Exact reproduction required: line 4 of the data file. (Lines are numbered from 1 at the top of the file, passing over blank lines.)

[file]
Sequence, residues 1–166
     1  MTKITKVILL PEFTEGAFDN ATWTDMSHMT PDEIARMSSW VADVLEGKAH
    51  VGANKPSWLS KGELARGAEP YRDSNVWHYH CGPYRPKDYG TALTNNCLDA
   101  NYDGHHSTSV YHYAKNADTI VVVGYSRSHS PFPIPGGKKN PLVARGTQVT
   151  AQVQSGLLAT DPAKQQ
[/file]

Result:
   101  NYDGHHSTSV YHYAKNADTI VVVGYSRSHS PFPIPGGKKN PLVARGTQVT